At St Catherine’s I tutor all aspects of Human Geography for the undergraduate course and within the School of Geography and the Environment. I convene and teach an optional final honours school course on ‘Geopolitics in the margins’.
I joined St Catherine’s and the School of Geography and the Environment in December 2013. Prior to this I was a lecturer in human geography at Newcastle University and I have also held a Junior Research fellowship at Trinity College, Cambridge (2011-2013) and an ESRC Postdoctoral Fellowship at Newcastle University (2010-2011). I completed my undergraduate in Geography at the University of Cambridge (Fitzwilliam College) and my MA and PhD at Queen Mary, University of London.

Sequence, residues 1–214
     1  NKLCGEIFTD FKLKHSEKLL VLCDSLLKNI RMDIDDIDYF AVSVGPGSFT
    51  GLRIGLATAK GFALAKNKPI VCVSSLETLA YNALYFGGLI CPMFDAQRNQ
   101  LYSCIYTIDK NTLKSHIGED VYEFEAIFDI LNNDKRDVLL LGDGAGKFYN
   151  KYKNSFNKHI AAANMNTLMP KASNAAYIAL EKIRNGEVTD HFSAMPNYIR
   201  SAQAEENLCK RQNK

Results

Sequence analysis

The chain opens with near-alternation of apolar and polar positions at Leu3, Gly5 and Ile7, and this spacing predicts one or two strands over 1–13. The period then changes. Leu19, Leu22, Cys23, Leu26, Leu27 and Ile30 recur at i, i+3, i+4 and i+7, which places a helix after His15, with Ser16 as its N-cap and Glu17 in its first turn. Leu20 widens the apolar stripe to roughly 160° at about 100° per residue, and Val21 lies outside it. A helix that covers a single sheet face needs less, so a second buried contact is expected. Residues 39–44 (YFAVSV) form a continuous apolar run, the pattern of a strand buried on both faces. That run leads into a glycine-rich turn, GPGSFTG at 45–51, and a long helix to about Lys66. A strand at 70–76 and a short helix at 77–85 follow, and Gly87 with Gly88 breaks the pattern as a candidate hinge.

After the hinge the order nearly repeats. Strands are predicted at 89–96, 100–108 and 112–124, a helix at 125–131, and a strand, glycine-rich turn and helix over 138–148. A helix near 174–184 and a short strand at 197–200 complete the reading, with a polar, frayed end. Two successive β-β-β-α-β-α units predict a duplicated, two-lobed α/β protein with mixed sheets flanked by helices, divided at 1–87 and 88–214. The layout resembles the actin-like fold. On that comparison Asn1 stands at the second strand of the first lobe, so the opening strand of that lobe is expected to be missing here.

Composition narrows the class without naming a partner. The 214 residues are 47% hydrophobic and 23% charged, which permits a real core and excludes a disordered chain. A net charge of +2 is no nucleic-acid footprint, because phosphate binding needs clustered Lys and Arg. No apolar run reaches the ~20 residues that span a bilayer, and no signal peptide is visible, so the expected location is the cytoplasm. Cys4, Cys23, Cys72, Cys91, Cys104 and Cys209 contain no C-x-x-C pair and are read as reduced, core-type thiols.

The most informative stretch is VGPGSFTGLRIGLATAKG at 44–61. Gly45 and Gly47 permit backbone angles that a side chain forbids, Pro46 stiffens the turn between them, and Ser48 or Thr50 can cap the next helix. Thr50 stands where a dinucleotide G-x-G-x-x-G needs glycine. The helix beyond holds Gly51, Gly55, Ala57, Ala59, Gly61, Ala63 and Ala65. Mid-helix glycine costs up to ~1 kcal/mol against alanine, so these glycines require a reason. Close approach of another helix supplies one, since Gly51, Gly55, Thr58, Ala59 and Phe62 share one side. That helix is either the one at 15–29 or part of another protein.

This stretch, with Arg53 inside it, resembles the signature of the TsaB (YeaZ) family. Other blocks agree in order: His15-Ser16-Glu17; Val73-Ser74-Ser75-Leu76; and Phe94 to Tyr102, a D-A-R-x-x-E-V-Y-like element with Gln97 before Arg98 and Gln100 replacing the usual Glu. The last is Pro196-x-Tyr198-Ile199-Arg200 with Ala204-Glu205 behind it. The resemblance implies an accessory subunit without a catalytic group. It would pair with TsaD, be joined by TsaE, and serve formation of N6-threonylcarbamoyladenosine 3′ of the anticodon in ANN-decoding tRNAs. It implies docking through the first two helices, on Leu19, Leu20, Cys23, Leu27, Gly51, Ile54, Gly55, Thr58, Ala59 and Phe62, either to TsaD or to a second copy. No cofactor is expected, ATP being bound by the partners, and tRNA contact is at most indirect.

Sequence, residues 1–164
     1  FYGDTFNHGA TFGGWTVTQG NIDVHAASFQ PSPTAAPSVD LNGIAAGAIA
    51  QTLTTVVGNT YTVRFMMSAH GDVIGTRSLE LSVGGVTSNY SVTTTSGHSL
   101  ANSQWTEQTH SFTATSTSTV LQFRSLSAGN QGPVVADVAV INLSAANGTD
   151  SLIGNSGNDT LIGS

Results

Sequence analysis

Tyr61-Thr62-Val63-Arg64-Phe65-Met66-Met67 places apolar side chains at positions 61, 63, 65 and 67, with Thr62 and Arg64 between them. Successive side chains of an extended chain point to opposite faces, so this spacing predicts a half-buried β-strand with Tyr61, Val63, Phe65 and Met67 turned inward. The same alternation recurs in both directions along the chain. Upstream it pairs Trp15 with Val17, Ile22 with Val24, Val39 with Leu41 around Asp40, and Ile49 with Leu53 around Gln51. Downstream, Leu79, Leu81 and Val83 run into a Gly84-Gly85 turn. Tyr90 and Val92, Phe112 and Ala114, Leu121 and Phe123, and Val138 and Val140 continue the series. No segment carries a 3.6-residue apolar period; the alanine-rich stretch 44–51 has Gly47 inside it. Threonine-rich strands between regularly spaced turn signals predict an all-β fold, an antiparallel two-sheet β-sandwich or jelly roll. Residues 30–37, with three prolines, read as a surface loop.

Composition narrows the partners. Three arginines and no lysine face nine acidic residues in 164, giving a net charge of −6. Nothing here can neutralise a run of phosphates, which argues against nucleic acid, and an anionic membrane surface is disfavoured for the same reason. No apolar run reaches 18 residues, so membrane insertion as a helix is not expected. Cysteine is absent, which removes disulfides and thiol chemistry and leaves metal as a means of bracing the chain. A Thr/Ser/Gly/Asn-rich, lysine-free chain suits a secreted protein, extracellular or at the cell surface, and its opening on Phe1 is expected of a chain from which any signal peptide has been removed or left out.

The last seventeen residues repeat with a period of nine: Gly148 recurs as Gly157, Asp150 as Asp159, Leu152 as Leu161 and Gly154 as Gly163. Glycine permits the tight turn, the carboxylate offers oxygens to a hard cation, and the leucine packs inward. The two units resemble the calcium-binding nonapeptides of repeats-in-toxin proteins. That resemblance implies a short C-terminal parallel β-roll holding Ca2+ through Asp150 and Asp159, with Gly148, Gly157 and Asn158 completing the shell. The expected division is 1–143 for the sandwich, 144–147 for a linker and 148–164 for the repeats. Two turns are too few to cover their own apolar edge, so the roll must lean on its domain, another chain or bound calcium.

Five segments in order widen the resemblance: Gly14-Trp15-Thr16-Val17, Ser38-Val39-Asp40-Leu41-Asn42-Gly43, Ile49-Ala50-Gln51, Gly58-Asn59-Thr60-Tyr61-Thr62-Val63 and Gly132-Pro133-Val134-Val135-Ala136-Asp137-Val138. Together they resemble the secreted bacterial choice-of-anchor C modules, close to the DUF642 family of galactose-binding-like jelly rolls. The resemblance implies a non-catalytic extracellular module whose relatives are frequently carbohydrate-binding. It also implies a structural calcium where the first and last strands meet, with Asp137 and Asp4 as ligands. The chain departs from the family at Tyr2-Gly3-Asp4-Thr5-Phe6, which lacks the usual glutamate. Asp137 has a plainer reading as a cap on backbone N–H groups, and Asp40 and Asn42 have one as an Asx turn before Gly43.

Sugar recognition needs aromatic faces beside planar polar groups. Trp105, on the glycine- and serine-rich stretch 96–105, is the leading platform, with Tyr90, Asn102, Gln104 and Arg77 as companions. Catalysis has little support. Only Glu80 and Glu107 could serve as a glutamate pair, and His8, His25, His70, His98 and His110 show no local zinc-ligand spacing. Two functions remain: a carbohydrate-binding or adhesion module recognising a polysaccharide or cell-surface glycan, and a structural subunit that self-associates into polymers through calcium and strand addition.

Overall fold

My research is mainly in the field of political geography and aims to develop new areas of thinking regarding governance beyond the state and different modes of political legitimacy. In particular, I am interested in how communities officially excluded from formal state politics are nevertheless engaging with aspects of statecraft, and in using such seemingly anomalous cases as a lens to critically examine the ‘norms’ of governance. A significant part of my research to date has focused on the political structures and practices of the Tibetan Government-in-Exile based in India. I have ongoing research projects on cultures of diplomacy, social and labour mobility in India’s post-liberal economy, geographies of peace, and constructions and contestations of political legitimacy.